tuning systems

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tuning systems,

methods for assigning pitches to the twelve Western pitch names that constitute the octave. The term usually refers to this procedure in the tuning of keyboard instruments. The need for a tuning system hinges on the conflict of pitch relationships in the natural overtone series and the exigencies of musical compositional systems, specifically those utilizing the familiar diatonic scale. Chronologically, the conflict occurred in the early Renaissance when composers had an increasing desire to modulate from one key to another. Implicit in the concept of modulation is the condition of identity of intervals between corresponding scale degrees in different modes or keys. A keyboard instrument tuned to a function of any natural interval except the octave will not satisfy that condition. The Pythagorean system, derived from a scale supposedly invented by PythagorasPythagoras
, c.582–c.507 B.C., pre-Socratic Greek philosopher, founder of the Pythagorean school. He migrated from his native Samos to Crotona and established a secret religious society or order similar to, and possibly influenced by, the earlier Orphic cult.
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 (c.550 B.C.), was generated by acoustically perfect fifths. It exhibited an audible difference between the interval of a semitone and the interval resulting from the subtraction of the semitone from the whole tone. The mean-tone system generated the scale with fifths just flat enough to eliminate this difference, producing a scale containing acoustically perfect thirds. Discrepancy between chromatic notes (semitones) rendered this system unsuitable for successive modulations. Equal temperament tuning, which replaced mean-tone tuning in the 18th cent. and is universally accepted for Western music today, partitions the octave into twelve equal semitones. All intervals except the octave are acoustically out of tune, but by a tolerable degree, making complex modulations and atonality possible.
References in periodicals archive ?
Many writings remained in manuscript during his lifetime: a treatise on counterpoint (edited by Frieder Rempp in 1980) and various discourses on the use of dissonances, the enharmonic genus, the unison, forms of the octave, and the tuning systems of Pythagoras, Aristoxenus, and Ptolemy (edited and translated by Claude V.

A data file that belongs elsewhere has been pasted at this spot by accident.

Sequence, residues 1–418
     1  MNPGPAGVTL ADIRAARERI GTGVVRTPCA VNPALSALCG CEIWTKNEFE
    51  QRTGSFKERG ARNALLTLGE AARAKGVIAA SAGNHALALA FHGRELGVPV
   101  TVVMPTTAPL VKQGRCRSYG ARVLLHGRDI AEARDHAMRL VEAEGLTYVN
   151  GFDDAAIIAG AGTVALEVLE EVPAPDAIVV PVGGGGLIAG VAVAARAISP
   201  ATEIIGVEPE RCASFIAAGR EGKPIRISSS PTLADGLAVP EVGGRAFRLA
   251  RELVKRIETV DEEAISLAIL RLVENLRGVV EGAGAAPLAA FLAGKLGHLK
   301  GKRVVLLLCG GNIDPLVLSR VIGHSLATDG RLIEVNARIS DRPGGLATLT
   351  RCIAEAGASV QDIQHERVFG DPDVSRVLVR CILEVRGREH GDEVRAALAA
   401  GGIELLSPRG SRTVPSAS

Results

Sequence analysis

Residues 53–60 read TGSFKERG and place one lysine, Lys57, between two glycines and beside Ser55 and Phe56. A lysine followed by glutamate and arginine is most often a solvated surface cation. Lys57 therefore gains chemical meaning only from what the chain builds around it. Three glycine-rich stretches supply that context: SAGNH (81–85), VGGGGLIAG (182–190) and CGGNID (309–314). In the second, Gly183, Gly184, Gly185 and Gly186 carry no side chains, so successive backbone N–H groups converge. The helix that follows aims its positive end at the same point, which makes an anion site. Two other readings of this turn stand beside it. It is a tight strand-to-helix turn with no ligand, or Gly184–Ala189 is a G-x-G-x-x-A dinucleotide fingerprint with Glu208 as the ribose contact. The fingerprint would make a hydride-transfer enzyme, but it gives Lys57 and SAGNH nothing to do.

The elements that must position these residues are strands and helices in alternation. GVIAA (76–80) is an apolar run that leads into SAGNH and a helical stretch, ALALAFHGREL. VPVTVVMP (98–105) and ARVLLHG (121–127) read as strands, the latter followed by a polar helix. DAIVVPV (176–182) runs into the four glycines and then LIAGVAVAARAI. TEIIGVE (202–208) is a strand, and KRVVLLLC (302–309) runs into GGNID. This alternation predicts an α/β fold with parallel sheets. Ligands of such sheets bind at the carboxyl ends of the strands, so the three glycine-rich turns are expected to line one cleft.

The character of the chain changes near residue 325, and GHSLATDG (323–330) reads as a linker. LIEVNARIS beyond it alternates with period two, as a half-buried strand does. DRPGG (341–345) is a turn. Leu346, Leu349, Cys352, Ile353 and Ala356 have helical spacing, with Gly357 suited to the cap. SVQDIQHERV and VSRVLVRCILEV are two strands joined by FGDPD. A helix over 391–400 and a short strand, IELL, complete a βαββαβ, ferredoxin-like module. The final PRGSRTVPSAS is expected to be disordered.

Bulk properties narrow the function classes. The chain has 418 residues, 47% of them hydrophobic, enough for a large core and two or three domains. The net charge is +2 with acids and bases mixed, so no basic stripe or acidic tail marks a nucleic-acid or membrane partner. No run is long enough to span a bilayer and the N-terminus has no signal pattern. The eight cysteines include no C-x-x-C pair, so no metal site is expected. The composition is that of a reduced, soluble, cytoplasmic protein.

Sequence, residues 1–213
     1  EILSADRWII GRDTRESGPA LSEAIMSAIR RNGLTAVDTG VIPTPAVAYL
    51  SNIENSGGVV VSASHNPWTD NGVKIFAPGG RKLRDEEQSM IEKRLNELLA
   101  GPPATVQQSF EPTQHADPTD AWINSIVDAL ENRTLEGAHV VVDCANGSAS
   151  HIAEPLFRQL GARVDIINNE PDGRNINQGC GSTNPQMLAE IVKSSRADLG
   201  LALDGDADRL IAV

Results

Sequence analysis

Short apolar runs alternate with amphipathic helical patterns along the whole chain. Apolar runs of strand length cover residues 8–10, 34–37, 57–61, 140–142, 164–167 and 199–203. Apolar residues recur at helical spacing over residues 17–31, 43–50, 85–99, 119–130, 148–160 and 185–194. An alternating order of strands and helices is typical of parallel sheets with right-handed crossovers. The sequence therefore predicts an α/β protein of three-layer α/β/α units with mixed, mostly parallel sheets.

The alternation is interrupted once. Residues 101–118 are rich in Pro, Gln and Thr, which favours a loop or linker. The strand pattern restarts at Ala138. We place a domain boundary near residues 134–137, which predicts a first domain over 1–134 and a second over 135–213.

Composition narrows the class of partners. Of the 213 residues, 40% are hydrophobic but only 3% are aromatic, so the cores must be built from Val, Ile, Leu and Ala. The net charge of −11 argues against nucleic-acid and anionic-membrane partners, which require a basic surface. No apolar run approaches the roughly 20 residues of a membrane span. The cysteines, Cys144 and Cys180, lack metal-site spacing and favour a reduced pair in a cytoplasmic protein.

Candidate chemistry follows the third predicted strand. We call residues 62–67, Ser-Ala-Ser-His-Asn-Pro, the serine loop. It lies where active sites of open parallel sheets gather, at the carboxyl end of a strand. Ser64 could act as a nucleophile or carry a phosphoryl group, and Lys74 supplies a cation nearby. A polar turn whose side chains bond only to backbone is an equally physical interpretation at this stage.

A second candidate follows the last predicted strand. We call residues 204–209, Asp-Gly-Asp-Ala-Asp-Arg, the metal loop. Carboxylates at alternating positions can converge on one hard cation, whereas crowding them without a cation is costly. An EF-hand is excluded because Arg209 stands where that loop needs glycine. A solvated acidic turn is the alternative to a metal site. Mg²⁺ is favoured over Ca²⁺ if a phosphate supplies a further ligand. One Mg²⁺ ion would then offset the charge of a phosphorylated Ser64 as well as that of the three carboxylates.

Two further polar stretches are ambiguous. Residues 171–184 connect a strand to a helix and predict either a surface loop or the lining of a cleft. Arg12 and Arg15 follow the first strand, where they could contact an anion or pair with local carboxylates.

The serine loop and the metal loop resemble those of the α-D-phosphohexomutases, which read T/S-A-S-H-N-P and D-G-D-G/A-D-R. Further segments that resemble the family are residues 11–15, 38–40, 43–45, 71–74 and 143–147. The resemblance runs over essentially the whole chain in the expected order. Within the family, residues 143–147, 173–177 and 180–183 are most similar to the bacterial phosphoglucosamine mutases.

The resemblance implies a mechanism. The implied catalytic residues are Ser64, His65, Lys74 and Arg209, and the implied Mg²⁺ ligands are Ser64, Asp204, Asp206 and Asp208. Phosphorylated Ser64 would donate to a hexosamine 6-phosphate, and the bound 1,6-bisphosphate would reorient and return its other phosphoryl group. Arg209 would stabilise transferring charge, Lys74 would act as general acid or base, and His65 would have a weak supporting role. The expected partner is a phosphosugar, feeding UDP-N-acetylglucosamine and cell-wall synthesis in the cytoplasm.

The suggestion to produce a practice tape to facilitate learning pieces in an unfamiliar tuning system is undoubtedly on the mark, as is the one for composers to use instruments with fixed tuning to create a pitch environment into which the string player can fit intuitively.
The idea of a pure interval (one that can be derived from the harmonic series) underlies a number of White's observations concerning tuning systems, but the potential of this idea as an agent of synthesis - by means of a more universal concept of consonance or dissonance - is not explored.
First, earlier, more flexible tuning systems are based on natural acoustics that sound good to humans.
Kyle Gann demystifies Young's sound universe with an extended analysis of the various tuning systems Young used from his early notated works (such as Trio for Strings), through the improvisational works with the Theatre of Eternal Music and specific works such as The Four Dreams of China, The Well-Tuned Piano (1964-present), and Chronos Kristalla (1990).
The endless debates about tuning systems, the problem of the mathematical basis of music, the question of Greek modes and their relation to ecclesiastical modes, the attempt to revive the fabled effects of Greek music in modern practice, the relation of music to poetics, the conflict between theory and practice, especially with regard to the categorization of consonances: all these subjects and more exercised generations of writers, often to an exceedingly acrimonious degree.